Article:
Mobile network download speeds beat WiFi in SA
South African smartphone users now experience faster average download speeds using a mobile network than using WiFi.
This is according to mobile analytics firm OpenSignal in its WiFi vs Mobile Network Experience study, which collected and analysed mobile user experience in 33 countries, including SA.
OpenSignal says there has long been an industry assumption that WiFi is better than mobile networks in almost every way.
As a result, ever since the arrival of the earliest iPhone and Android smartphones, around 10 years ago, smartphones have routinely jumped on the nearest known WiFi connection, using it in preference to 2G, 3G or 4G mobile networks for data, it says.
In the 33 countries studied, the mobile analytics firm says smartphone users now experience faster average download speeds using a mobile network than using WiFi.
The range of countries where mobile proves faster vary widely from richer countries such as Australia, where the benefit of using mobile was greatest with speeds experienced by smartphone users 13Mbps higher on mobile than WiFi, and France (+2.5Mbps), to markets across every continent, for example Qatar (+11.Mbps); Turkey (+7.3Mbps); Mexico (+1.5Mbps) and SA (+5.7Mbps).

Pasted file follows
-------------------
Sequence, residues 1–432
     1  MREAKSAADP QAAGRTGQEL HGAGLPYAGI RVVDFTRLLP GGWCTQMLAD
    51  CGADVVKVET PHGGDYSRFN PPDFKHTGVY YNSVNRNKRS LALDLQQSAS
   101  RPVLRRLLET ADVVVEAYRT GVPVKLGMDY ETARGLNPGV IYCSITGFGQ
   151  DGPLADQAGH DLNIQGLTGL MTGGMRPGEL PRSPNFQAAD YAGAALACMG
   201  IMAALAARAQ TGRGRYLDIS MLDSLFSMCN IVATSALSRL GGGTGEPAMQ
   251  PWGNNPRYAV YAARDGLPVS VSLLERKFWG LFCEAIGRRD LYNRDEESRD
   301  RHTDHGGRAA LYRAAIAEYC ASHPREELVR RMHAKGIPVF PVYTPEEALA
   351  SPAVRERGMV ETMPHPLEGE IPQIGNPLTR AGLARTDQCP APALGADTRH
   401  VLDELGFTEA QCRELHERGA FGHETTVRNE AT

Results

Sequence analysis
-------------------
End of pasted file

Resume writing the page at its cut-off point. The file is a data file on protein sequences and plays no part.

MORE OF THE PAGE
Commenting on the South African market, Ian Fogg, VP analyst at OpenSignal, says: "The download speed experience of smartphone users is 5.7Mbps faster using mobile networks than WiFi in South Africa."
He notes this makes SA the top-ranked African country included in the report where smartphone users' mobile experience is faster than WiFi.
"Other countries in Africa where smartphone users enjoy a faster experience on mobile include Kenya (+2.3Mbps) faster than WiFi, Egypt (+5Mbps), Tunisia (+4.7Mbps) and Algeria (+1.2Mbps).
"In no African country included in this study, did smartphone users experience faster download speeds on WiFi than mobile networks," says Fogg.
OpenSignal notes that in three highly developed geographies (Hong Kong, Singapore and the US), the mobile experience bucks the global trend and significantly underperforms compared with smartphone users' WiFi download experience with a slower mobile experience of -38.6Mbps, -34Mbps and -25Mbps respectively.
It points out that the time smartphones spend connected to WiFi has no significant correlation with users experiencing faster WiFi speeds relative to those on mobile, because smartphones will automatically connect to known WiFi networks without including speed as a factor in their decision.
"Ten years ago, WiFi was faster than mobile almost all of the time, was cheaper...always, and had much greater capacity," says Fogg.
As 5G arrives, he notes, the mobile industry must change a number of design decisions as a result.
"Mobile operators and smartphone makers alike must re-evaluate their WiFi strategies, especially around mobile offload, automatic network selection and indoor coverage, to ensure they do not accidentally push consumers' smartphones onto a WiFi network that offers a worse experience than their mobile network."